The driver includes most of the usual facilities, such as watermarking for under printing ‘Confidential’ or whatever, but there’s no specific control of colour or attempts at colour matching, here. You have to rely on your application software for colour adjustments.
The received wisdom is that a colour laser printer which uses a carousel is inherently slower than one with four separate, photo-sensitive drums and toner units. It stands to reason that the time taken to turn the carousel and apply each colour individually will be longer than making up all four colour images on separate drums and applying them all to the paper in one pass.
In this case, however, reason goes out of the window, as the Aculaser C1100 is one of the quickest colour lasers we’ve tested. It completed our five-page, black text print in just 24 seconds, giving a true page rate of 12.5 pages per minute. The mixed text and graphics page took just 18 seconds and our 5 x 3 inch photo took only a second longer. Compare that with other recently reviewed colour lasers, OKI’s C3100 (25 seconds) and the Samsung CLP-550 (29 seconds). The Acculaser is over 20 per cent faster, even though neither of the other printers are carousel-based.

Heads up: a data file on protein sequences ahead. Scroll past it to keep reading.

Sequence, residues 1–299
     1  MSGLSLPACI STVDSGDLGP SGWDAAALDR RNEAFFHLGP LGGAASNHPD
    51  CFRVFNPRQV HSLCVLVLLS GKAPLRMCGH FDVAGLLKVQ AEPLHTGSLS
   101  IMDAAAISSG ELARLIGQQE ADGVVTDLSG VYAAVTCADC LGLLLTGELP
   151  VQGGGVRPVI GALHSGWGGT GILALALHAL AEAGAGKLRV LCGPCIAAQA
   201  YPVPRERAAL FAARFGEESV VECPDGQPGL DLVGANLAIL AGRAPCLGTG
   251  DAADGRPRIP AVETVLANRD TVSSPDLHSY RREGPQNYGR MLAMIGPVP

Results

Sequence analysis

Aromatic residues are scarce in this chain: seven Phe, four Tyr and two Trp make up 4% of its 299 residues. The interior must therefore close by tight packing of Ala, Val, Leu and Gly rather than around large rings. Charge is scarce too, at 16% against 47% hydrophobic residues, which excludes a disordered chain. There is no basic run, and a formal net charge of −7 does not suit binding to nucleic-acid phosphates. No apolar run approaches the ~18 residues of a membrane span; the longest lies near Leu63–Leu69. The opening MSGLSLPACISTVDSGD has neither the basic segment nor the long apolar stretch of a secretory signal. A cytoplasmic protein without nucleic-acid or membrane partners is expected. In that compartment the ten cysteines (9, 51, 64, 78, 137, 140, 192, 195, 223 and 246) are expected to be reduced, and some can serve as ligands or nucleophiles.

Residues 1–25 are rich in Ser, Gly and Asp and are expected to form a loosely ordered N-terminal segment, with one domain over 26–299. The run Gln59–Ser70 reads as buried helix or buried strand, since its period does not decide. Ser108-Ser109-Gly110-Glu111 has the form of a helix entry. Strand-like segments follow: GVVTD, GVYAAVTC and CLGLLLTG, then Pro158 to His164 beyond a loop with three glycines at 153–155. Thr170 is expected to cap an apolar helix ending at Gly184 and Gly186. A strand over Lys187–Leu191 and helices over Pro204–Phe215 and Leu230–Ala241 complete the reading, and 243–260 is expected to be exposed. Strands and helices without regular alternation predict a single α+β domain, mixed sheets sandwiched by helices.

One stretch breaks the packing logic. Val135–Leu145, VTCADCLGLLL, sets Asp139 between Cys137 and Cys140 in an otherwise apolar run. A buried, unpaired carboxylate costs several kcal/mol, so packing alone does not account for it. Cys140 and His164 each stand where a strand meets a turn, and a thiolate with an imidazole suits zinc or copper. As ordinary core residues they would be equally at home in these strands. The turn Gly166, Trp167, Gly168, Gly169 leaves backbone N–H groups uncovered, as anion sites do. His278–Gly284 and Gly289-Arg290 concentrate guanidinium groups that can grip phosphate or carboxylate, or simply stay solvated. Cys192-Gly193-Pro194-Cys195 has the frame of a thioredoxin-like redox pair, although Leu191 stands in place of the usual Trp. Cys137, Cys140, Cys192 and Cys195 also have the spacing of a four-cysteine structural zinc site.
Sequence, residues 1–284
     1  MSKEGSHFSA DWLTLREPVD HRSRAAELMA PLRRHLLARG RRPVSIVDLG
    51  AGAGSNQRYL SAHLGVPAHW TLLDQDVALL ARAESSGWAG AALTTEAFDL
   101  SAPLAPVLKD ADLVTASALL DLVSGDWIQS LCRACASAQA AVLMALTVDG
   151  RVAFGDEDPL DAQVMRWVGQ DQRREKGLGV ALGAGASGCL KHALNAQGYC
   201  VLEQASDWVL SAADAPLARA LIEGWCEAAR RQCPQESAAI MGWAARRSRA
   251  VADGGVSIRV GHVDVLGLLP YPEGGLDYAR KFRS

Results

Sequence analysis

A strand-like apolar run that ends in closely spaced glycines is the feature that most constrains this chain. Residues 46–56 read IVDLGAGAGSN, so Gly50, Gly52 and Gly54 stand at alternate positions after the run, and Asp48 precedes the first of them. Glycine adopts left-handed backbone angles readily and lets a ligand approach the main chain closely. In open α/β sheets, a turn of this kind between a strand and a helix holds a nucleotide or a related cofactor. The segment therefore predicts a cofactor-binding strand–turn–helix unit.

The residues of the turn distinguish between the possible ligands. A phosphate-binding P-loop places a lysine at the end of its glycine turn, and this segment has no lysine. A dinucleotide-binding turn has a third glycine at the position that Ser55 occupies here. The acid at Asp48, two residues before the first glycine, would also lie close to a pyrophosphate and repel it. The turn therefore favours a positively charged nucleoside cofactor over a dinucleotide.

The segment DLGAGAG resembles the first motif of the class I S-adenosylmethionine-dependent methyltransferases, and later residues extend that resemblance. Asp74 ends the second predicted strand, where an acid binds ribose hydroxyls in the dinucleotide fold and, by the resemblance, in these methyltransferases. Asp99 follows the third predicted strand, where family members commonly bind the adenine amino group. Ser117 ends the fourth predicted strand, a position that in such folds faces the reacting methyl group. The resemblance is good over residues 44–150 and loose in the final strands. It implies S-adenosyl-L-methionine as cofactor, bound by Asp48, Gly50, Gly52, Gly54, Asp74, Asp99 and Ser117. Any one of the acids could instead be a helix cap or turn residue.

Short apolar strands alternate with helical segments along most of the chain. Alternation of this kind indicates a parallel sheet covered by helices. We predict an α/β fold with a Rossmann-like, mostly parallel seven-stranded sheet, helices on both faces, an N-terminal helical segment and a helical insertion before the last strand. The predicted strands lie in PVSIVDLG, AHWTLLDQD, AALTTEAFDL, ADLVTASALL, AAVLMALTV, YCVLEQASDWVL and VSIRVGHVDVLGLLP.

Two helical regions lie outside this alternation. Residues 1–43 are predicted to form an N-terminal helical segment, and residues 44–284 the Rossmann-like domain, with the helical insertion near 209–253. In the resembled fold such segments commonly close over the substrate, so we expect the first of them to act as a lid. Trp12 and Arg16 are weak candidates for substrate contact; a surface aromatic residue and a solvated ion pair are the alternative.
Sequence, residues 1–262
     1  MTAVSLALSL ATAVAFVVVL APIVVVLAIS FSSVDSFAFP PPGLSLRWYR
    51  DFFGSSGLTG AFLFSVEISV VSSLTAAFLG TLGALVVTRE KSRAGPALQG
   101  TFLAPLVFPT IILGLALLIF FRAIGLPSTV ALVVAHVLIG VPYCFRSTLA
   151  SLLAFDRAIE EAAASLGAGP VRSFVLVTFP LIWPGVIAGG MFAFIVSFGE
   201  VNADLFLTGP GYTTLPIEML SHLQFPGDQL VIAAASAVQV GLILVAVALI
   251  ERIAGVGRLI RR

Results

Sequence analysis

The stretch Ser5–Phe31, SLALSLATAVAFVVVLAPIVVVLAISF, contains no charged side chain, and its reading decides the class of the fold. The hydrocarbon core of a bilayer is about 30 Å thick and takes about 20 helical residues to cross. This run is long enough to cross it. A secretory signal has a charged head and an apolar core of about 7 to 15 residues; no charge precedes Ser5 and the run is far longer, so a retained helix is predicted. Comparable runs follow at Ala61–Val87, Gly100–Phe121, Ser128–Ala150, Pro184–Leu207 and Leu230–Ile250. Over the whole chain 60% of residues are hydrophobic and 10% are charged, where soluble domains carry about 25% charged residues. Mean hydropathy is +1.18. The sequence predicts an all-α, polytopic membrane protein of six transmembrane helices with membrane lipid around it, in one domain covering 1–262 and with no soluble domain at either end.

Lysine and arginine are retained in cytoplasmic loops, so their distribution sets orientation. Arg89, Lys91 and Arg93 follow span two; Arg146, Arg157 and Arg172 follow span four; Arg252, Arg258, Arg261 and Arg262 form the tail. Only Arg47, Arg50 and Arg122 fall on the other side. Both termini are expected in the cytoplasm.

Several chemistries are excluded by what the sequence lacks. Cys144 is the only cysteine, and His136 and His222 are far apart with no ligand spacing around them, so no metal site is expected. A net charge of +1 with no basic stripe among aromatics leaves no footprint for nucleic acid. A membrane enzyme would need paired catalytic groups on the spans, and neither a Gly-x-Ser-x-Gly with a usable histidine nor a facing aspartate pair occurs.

The quality of the prints produced is generally good. Black text print is particularly clear and clean-cut, with even finely drawn fonts reproduced accurately and in good proportion. Colour graphics are also above-average, though we did see some variation in large areas of solid colour. Photo reproduction was a little over vivid, with faint banding, but the detail quality in the foreground was good and graduated tint, as in areas of sky, was reasonably smooth.
The only consumables are the photoconductor unit, which has a service life of 42,000 black pages or 10,500 in colour, and toner. Black toner comes in a 7,000 page cartridge, with each of the colours available in standard (5,000) or high (7,000) capacities.
Do the figures and you come up with a cost per five per cent black page of 2.04p, with 8.17p for 20 per cent colour. These costs are high in comparison with many of this printer’s competitors and we also found it hard to find stockists of toner and drum, so there may be less price competition. A company the size of Epson isn’t going to let you run out of consumables, but you might have to pay a bit more for them.
The Aculaser C1100 is a well put-together colour laser at a competitive asking price. As an extra incentive, if you buy one before 31st March, Epson will throw in a Stylus C66 ink-jet for free.